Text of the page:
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Week in Review

Week Ending: Friday, June 29, 2018

Recap & Commentary

Markets ended the week lower, as investor sentiment seemed to shift from concerns about the threat of a trade war to the acknowledgment that one is now fully underway. Those tensions were further inflamed by a report that President Trump is considering withdrawing the U.S. from the World Trade Organization (WTO). At this stage, the actual dollar amounts of announced tariffs, while large in absolute terms, is rather immaterial compared to the size of the broader economy. However, there are growing concerns about the secondary and tertiary impacts that tariffs could have on global supply chains. In addition, the longer the trade war drags on, the greater the likelihood that it begins to impact business sentiment which, in turn, could lead to slower economic growth.

Largely lost among the headlines was a further decline in the Chinese yuan, and the Shanghai Composite entering bear territory, down –20%. Both of those factors have weighed on the broader emerging markets complex of late, along with recent strength in the dollar, rising interest rates, and fears of a global trade war.

Economic Bullet Points

Inflation— Core PCE (the inflation measure closely watched by the Fed) accelerated to 2% in May, matching the Federal Reserve’s target after hovering below that mark since April 2012. Economists don’t expect the Fed to become more hawkish via rate increases and suggested the group can tolerate core PCE levels as high as 2.5%.

Housing— New home sales surged 6.7% to a seasonally adj. 689K in March from April, beating consensus expectations, led by a 17.9% increase in sales in the South. The spike in new home sales was driven by the historically low inventory of existing homes in the market. Note that new home sales are a small slice of total US homes sales, and the data is volatile. May’s gain came with a 14.1% margin of error.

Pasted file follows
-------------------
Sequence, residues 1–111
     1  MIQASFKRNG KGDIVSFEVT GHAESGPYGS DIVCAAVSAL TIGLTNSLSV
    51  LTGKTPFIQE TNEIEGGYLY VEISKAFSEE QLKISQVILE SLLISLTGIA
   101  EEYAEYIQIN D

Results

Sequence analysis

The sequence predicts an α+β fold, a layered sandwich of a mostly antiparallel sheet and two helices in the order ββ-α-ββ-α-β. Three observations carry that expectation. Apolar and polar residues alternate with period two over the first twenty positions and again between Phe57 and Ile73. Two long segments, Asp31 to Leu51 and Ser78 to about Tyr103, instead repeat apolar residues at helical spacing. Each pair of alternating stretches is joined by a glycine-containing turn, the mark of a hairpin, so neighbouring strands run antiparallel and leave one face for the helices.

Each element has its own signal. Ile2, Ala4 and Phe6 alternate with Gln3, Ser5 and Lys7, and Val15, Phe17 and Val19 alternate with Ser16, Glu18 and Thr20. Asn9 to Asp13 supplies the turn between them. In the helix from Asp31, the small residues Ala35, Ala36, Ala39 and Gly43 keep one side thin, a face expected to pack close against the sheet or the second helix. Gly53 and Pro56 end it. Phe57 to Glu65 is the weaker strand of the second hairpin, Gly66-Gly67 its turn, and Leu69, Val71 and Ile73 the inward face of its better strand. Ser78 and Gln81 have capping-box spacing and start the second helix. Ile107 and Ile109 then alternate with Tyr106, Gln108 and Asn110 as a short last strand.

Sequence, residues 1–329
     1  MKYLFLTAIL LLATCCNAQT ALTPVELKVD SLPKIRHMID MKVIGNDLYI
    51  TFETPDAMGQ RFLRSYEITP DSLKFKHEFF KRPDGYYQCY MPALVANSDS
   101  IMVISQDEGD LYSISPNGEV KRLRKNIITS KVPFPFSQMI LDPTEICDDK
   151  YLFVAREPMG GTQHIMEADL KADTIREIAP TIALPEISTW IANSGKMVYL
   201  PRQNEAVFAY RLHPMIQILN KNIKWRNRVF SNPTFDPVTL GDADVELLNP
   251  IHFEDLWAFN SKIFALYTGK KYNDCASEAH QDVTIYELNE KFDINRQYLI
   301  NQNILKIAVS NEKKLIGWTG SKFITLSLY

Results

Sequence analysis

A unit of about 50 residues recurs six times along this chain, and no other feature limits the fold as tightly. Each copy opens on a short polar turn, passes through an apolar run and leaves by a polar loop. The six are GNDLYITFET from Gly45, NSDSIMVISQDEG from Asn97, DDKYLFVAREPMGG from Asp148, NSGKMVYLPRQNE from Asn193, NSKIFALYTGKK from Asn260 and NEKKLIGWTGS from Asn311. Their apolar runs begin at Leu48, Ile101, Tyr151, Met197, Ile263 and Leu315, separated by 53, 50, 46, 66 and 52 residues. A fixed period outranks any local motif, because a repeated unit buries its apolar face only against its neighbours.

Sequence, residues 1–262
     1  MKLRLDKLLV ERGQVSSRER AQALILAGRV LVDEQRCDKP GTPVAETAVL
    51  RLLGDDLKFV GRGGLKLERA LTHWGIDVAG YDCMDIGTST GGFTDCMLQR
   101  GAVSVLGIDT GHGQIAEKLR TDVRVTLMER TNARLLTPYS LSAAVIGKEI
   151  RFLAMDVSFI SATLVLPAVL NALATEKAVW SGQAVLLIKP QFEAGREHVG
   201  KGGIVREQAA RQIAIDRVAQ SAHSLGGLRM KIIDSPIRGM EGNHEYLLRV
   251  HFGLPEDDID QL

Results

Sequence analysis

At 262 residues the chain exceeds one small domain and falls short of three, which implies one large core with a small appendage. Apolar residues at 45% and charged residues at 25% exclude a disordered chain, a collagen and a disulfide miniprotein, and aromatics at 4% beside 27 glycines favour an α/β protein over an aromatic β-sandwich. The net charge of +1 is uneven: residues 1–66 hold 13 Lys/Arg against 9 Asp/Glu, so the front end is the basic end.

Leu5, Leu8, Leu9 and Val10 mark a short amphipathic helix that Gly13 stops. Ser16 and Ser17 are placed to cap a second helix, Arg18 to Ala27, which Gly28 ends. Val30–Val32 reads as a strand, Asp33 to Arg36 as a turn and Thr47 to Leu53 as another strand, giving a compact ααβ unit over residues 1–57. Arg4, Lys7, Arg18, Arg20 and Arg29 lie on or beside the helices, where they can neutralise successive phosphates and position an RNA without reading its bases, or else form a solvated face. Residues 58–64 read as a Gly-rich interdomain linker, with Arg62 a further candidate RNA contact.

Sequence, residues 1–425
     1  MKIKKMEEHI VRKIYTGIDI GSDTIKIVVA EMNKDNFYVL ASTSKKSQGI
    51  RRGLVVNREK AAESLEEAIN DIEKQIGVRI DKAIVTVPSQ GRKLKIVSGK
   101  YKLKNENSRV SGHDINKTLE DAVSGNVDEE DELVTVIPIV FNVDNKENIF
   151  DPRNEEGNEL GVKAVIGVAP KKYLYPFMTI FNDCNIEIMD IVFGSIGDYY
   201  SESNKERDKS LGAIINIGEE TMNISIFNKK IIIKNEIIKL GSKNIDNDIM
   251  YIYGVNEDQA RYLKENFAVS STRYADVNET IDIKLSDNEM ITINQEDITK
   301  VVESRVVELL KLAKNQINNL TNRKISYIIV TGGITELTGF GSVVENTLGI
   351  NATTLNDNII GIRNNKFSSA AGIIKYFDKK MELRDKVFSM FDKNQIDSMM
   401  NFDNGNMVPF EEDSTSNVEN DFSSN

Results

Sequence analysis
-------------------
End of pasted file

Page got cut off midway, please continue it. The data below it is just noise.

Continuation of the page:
Durable Goods Orders— The core reading (nondefense ex-aircraft) decreased -0.2% in May after a strong April increase. Growth in business capital investment remains much weaker than expected as the significant tailwind from corporate tax cuts is being offset by uncertainties associated with the ongoing global trade war.
International Trade in Goods— US exports surged 2.1% in May despite the global trade war. The US trade deficit fell to a lower-than-expected -$64.8B.

GDP— The third estimate for Q1 real GDP decreased to 2.0% from the prior 2.2% estimate, after contributions from inventory growth, net exports, and consumer spending were adjusted lower. The GDP price index, another measure of inflation, however, remained unchanged at a 1.9%.

Corporate Profits— After-tax corporate profit growth was revised up to an annualized 2.7%, besting the initial 0.1% expectation. Specifically, after-tax profit (adj. for inventory valuation and capital consumption allowances) reached a record $1.9T, up 17% from a year ago, ~10% of GDP—a level exceeded in only four quarters in history.

The Consumer— Sentiment, confidence, and spending indicators remained elevated, but levels have moderated. This trend is expected to continue through year-end.

Jobless Claims rose 9K to 227K vs. the 220K estimate—an overall positive reading.

Of Note

  • In another anecdotal sign of tight labor market conditions, the National Federation of Independent Businesses reported the largest percentage of small business raising compensation in 34 years in May.

Market Indices Week of 6/29

S&P 500                       -1.3%

Russell 2000                 -2.5%

MSCI EAFE                   -1.1%

MSCI EM                       -1.7%

Commodities                0.1%

Barclay’s Agg.               0.3%

US Dollar Index            0.1%

10-Yr Yield                    2.85%

WTI Oil ($/bl)                   $74

Gold ($/oz)                    $1,250

The Week Ahead

  • PMI Manufacturing Index
  • ISM Mfg. Index
  • ISM Non-Mfg. Index
  • Factory Orders
  • International Trade
  • Jobless Claims

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